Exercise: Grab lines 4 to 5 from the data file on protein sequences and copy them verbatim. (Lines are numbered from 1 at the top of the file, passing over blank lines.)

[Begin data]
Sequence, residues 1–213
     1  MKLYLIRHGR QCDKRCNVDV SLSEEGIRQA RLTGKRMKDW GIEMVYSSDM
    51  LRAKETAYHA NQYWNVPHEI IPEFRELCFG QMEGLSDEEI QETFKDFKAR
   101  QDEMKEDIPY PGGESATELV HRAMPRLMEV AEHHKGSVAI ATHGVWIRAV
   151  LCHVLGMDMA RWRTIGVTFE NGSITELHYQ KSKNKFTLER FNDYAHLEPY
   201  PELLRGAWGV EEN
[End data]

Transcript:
   101  QDEMKEDIPY PGGESATELV HRAMPRLMEV AEHHKGSVAI ATHGVWIRAV
   151  LCHVLGMDMA RWRTIGVTFE NGSITELHYQ KSKNKFTLER FNDYAHLEPY